Commentary

USA gets reminder the red, white, and blue is not sacrosanct on Concacaf fields

By Ridge Mahoney
(@ridgemax)

Bluntly put, U.S. head coach Jurgen Klinsmann took the right approach to the Gold Cup but got the wrong outcome.

He picked a team to win the competition rather than further develop the players he deems most promising, and the pairing of young centerbacks Ventura Alvarado and John Brooks got the nod for the semifinal, even though more experienced options in Omar Gonzalez and Tim Ream, who had started together in a 1-0 victory over Haiti, were available.

This was a difficult decision. Jamaica’s skilled, athletic attackers are always tough to contain, and Klinsmann regarded this as a stiff test his less experienced defenders were able to handle. Brooks took the blame for failing to contain Darren Mattocks as he headed a throw-in past keeper Brad Guzan for the first Jamaica goal, but a strong challenge from Guzan could have snuffed the chance outright. Brooks also flubbed a good chance to score when a corner kick headed back into the goalmouth landed right at his feet. 

Much ado has been made of the chances generated by the Americans as they chased a 2-0 deficit and certainly wasted opportunities like the one that substitute Alan Gordon directed right to Jamaican keeper Ryan Thompson were costly. And it’s also true that after sluggish starts in each of its three group games, the USA opened against Jamaica as it had in the 6-0 rout of Cuba: sharply and assertively. Jamaica, though, didn't collapse in the opening minutes as did Cuba and ruthlessly took its first two opportunities.

Did the Americans match Jamaica for intensity, determination and commitment? That’s a tougher question to answer. It’s not a subject that is often broached, but at times the USA plays its Concacaf matches with a subtle tinge of entitlement and simply doesn’t tear into tackles and leap for head balls as do its opponents. Over the long haul, such as the Hexagonal, talent and endurance usually prevail. In a one-off game, anything can happen.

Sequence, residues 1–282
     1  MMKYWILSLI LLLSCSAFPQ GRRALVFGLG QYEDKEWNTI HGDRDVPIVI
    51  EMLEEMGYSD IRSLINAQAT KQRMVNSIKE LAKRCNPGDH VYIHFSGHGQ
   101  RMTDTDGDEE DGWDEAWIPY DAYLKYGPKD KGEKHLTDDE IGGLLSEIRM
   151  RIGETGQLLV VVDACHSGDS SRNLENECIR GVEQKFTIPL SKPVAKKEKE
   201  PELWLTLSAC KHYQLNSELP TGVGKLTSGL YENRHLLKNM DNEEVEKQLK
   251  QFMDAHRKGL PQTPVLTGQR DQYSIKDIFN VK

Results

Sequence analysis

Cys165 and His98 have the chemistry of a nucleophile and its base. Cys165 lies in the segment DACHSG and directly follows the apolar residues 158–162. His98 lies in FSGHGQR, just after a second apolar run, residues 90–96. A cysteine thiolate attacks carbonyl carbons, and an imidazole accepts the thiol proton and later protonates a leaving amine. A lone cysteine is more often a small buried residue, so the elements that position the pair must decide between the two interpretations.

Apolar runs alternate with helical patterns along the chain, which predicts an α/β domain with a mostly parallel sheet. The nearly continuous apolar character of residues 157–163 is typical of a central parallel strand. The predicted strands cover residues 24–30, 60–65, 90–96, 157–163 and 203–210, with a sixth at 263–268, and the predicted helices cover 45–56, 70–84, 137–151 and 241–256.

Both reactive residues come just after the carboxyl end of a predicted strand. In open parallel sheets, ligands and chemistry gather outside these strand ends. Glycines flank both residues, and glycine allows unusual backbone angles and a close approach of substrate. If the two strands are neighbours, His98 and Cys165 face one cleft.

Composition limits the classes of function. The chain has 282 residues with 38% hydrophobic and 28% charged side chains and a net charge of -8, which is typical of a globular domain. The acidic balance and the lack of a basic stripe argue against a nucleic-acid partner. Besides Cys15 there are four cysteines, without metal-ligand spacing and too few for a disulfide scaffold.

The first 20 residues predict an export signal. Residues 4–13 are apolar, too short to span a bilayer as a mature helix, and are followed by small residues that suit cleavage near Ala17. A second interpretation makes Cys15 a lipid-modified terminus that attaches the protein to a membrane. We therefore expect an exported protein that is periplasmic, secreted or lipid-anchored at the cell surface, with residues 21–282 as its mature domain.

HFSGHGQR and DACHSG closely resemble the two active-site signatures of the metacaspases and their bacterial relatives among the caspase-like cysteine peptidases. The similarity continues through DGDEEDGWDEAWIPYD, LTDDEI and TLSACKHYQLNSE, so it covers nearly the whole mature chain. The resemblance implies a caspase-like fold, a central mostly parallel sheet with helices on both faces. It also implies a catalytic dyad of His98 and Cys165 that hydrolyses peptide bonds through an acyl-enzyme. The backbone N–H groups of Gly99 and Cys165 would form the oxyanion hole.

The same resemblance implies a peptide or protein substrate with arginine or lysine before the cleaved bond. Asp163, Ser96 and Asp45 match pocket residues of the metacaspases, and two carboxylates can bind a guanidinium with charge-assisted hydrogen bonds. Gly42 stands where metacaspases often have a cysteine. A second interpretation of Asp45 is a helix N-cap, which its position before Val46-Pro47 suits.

Do the Americans care? Of course. Do they care a lot? Definitely. But do they fight as hard and compete as fiercely as do the Haitians, Jamaicans, Costa Ricans and Mexicans? Not always. 

Here’s another question: Did Klinsmann match the preparation and tactics of compatriot Winny Schaefer, who took over Jamaica in 2013 and prior to the Gold Cup mentored his team through three 1-0 losses in the Copa America? Whatever else happened in Chile, Jamaica emerged from that competition infused with belief as well as honed by tough matches against Uruguay, Paraguay and Argentina. After opening the Gold Cup by tying Costa Rica, 2-2, the Jamaicans blanked Canada, El Salvador and Haiti, all by 1-0 scores.

Jamaican soccer is renowned for many things, but grinding out one-goal victories in intense environments isn’t one of them. Beating the USA in U.S. soil is a true turnabout for the country: How many times has the world seen an exuberant, athletic squad of Reggae Boyz win the style battle but lose the game? In achievement as well as attitude, Schaefer has lifted Jamaica to a place the island nation has never been. In a different era, he might well have been fired after the Copa America and replaced by a Jamaican.

Since 1990, native sons who have coached Jamaica include Theodore Whitmore and Carl Brown (three stints each!). The foreign contingent is led by Brazilians Rene Simoes and Sebastiao Lazaroni (two stints each), and everybody’s favorite vagabond, Bora Milutinovic. Former England international John Barnes, a Kingston native, held the job for all of six months. Such managerial churn is one reason Jamaica has qualified for the World Cup only once, in 1998, during Simoes first run (1994-2000).